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Just Tax the Land
Unlocking fairer, faster growth
Taxes are a subject that few dare discuss. When the topic is broached, the discussion typically centers around the tax rate, whether it should be lower, or higher, and for whom. Usually absent from this conversation are what kinds of taxes we ought to have. With the proper tax design, the economy will grow faster and prosperity spread more evenly. I argue that a Land Value Tax offers a transformational opportunity for future growth.
Why Do We Have Taxes?
We levy taxes for two basic purposes. First, to raise revenue for public services like roads, bridges, schools, and police. Second, to encourage or discourage certain types of economic or social behavior. To do this, governments levy three basic types of taxes:
Taxes on what you earn (income, corporate income, business…etc)
Taxes on what you buy (VAT, sales, or excise) and
Taxes on what you own (commonly, property taxes)
Now, not all taxes have an equivalent impact on the economy. So what makes a good tax? Adam Smith, the “father of capitalism” outlined the four canons of good taxation centuries ago. These canons hold true today:
Canon of Equity: Taxes should be progressive (proportional to income)
Canon of Certainty: Taxes should be clear, not arbitrary or hidden
Canon of Convenience: It should be easy to pay taxes; i.e. no filing fees
Canon of Economy: It should be cheap to administer and collect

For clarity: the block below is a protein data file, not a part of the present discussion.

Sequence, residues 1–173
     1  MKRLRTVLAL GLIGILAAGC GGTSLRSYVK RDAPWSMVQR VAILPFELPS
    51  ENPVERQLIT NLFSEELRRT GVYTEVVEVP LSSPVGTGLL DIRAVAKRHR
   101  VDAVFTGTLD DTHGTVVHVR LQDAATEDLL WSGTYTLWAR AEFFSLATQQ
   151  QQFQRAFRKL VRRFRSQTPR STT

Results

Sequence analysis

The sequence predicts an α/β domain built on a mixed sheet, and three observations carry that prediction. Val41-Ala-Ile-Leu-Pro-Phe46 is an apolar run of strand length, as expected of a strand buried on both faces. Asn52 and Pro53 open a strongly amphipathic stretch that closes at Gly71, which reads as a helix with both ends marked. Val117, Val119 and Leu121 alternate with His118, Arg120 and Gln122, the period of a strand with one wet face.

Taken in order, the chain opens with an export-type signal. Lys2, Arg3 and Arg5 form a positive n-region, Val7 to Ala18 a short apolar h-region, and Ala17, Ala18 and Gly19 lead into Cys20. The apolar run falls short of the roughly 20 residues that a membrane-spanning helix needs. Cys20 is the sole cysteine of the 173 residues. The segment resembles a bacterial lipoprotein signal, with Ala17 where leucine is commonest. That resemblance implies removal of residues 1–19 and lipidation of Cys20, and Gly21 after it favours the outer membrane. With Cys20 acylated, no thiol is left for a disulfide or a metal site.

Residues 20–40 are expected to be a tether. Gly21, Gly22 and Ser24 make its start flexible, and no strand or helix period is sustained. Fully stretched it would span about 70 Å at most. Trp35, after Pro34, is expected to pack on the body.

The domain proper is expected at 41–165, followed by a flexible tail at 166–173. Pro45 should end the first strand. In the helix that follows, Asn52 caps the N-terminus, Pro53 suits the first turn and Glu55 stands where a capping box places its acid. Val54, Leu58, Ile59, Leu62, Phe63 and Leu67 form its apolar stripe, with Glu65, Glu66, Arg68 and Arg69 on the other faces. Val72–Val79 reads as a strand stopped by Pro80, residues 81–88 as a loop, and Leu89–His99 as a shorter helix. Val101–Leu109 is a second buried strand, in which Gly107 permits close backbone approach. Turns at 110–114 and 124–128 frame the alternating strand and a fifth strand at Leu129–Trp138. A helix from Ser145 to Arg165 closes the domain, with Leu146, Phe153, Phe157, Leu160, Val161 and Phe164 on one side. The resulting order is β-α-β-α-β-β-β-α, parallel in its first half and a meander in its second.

Today, we also recognize a fifth canon: taxes should minimize “dead-weight loss.” Dead-weight loss is the loss of economic activity beyond the tax itself, a hidden tax on the tax that depresses productivity without raising any additional corresponding income.
Tax the Land
There is one tax that meets all five Canons, the Land Value Tax, or LVT. An LVT is a tax on the “unimproved” rental value of land. That is, a tax imposed on the land itself, not the property built upon it. Some don’t consider an LVT to be a true tax at all because rather than arbitrarily extracting wealth, it’s a payment system for the use of a location.
An LVT makes intuitive sense when contrasted with other kinds of taxes. Income taxes, for example, tax your labor, placing some of your time and effort into government coffers. Most of us agree, earning money is a good thing, and taxing it almost feels like a punishment.
In contrast, an LVT taxes only land and the resources within it. Land and resources (with rare exceptions) are not created by humankind; they were already there. When someone owns land, they reap the benefits of something that they did not create, in economic terms, an unearned “rent.” An LVT places a tax on those rents, recouping them to be redistributed for the betterment of society.
As land is disproportionately owned by the wealthy, an LVT is progressive. It’s a stealth wealth tax that doesn’t punish the wealthy for success but levels the playing field by eliminating the home-court advantage. Also, unlike wealth taxes, it’s impossible to evade; land cannot be hidden or moved overseas.
Like property taxes, the calculation methodology and tax rates would be public. Unlike property taxes, however, an LVT does not need to account for the nuances of the building that sits on top of it, so there is no need to individually assess each property. Adjacent lots would have virtually identical tax rates, making calculation and collection faster, easier, and more transparent.